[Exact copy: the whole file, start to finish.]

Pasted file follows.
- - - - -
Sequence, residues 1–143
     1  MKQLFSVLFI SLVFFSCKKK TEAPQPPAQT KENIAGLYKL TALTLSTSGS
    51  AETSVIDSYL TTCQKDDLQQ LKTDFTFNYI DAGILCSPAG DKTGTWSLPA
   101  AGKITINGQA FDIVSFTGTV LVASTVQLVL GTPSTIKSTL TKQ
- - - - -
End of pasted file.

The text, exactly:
Sequence, residues 1–143
     1  MKQLFSVLFI SLVFFSCKKK TEAPQPPAQT KENIAGLYKL TALTLSTSGS
    51  AETSVIDSYL TTCQKDDLQQ LKTDFTFNYI DAGILCSPAG DKTGTWSLPA
   101  AGKITINGQA FDIVSFTGTV LVASTVQLVL GTPSTIKSTL TKQ